From The President

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May 2016

The Society has been working on two Yaphank Parks. The Historical Society has spent a lot of time, money and energy on renovating the Swezey-Avey House and adjacent Park. Today the Swezey-Avey House has been totally renovated and restored and, along with the Park, is one of the cornerstones of the entrance to the Yaphank Historic District.

Gone is the 6-foot chain link fence that surrounded the entire property. Gone are the 6-foot chain link gates that were once locked more often than they were open on the weekends. Thanks to Connie Kepert, we have a period-appropriate fence that now surrounds the historic property. The chain link fence that separated the parking area from the Park is also gone, thanks to an Eagle Scout project that replaced the chain link fence with period-appropriate paddock fencing.

The plantings are all new; planted by the Town of Brookhaven with grant money from the Yaphank Historical Society. We also received donations of daylilies as well as many other plants from our friends at the Daylily Society. These plants are planted along the fence and around the House. The Girl Scouts also did a planting project for us. They placed plants at the House as well as at the entrance monument.

Now-a-days at the Swezey Park, the parking lot is always crowded with people going fishing, boating and picnicking or parents with their children enjoying the play area.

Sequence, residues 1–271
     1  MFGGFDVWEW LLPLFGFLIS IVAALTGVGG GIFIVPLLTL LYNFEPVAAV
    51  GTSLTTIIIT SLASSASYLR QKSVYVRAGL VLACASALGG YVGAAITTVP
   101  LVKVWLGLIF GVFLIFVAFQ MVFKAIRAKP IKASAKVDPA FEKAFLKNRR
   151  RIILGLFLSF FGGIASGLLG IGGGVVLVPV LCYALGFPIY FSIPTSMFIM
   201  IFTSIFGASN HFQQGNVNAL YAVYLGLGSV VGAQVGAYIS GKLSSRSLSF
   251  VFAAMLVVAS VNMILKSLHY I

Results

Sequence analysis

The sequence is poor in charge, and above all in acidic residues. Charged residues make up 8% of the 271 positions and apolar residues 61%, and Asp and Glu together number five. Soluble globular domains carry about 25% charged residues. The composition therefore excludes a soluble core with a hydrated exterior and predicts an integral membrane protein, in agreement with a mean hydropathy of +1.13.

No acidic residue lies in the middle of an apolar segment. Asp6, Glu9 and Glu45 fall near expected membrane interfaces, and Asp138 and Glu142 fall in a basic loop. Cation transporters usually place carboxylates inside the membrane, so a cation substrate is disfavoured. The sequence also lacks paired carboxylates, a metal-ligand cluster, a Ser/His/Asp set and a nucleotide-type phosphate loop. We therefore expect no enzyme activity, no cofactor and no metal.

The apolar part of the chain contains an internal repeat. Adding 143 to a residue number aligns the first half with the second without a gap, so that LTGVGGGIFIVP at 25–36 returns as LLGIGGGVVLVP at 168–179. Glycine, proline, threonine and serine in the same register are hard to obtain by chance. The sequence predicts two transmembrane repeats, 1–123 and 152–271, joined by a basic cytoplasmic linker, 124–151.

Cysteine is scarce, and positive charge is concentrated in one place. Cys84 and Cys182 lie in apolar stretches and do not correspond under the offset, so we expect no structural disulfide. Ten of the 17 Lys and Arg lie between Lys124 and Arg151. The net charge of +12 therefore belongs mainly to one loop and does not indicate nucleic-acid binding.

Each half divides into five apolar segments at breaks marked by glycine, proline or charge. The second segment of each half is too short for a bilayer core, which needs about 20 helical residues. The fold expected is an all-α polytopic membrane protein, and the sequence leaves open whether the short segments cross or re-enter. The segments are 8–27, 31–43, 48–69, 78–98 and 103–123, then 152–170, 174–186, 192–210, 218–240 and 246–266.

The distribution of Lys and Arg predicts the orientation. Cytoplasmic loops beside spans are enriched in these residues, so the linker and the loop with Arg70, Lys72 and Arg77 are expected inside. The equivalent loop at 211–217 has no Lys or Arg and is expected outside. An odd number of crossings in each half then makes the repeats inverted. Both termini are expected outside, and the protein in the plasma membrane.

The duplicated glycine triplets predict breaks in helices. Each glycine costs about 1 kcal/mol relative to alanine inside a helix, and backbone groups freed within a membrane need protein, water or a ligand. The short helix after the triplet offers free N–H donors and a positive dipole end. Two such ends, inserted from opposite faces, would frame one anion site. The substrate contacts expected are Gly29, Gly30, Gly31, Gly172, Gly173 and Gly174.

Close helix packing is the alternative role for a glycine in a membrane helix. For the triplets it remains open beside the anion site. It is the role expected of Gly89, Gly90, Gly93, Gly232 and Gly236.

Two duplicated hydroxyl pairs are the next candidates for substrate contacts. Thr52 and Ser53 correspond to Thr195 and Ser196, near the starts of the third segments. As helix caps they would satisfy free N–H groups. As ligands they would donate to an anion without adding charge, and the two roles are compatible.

At the eastern end of Yaphank, the Society has also invested time, money and energy in improving the park property adjacent to the Homan House. We have a new parking area for visitors coming to enjoy the river by canoe or kayak. And there is an improved boardwalk leading down to the launch site affording beautiful views of the river. If you look to the right you can see the remnants of the old stone walls that the early sawmills rested on. And looking back you can see the partially restored Homan House, where restoration work by the Society and Suffolk County continues.

Access to the Carmans River Nature trail is on the far side of the parking area. There are brochures available at the trail head. This is a beautiful walk in the woods on a well maintained trail. The trail initially leads down to Weeks Pond, once the cranberry bog of William Weeks. About half way along the trail you will see an octagon stone foundation, once the Weeks family home. The trail then continues to the St. Andrews Church parking lot. From there you can go through the historic St. Andrew’s Cemetery and continue on to the Booth House. Following the trail which is located behind the Booth House Museum leads you back to the Homan House parking area. This is a lovely walk at this time of the year.

I hope you all take advantage of both the Swezey Park and our Nature Trail and “Park” adjacent to the Homan House.

- Robert Kessler, President